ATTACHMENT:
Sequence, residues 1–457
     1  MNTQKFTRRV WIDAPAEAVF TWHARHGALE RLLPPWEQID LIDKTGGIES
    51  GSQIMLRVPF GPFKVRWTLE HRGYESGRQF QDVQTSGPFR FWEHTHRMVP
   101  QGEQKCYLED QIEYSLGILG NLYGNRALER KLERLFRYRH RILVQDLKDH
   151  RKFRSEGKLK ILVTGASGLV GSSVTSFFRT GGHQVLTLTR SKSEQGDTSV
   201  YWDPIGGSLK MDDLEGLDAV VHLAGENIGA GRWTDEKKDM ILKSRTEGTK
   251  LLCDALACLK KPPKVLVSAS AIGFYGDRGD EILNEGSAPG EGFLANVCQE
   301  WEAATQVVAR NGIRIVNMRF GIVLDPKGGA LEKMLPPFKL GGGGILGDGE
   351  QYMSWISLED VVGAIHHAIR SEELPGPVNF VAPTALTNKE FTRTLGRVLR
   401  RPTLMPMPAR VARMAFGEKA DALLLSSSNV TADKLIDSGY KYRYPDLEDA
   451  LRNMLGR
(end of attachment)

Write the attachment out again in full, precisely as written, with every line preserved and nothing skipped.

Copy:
Sequence, residues 1–457
     1  MNTQKFTRRV WIDAPAEAVF TWHARHGALE RLLPPWEQID LIDKTGGIES
    51  GSQIMLRVPF GPFKVRWTLE HRGYESGRQF QDVQTSGPFR FWEHTHRMVP
   101  QGEQKCYLED QIEYSLGILG NLYGNRALER KLERLFRYRH RILVQDLKDH
   151  RKFRSEGKLK ILVTGASGLV GSSVTSFFRT GGHQVLTLTR SKSEQGDTSV
   201  YWDPIGGSLK MDDLEGLDAV VHLAGENIGA GRWTDEKKDM ILKSRTEGTK
   251  LLCDALACLK KPPKVLVSAS AIGFYGDRGD EILNEGSAPG EGFLANVCQE
   301  WEAATQVVAR NGIRIVNMRF GIVLDPKGGA LEKMLPPFKL GGGGILGDGE
   351  QYMSWISLED VVGAIHHAIR SEELPGPVNF VAPTALTNKE FTRTLGRVLR
   401  RPTLMPMPAR VARMAFGEKA DALLLSSSNV TADKLIDSGY KYRYPDLEDA
   451  LRNMLGR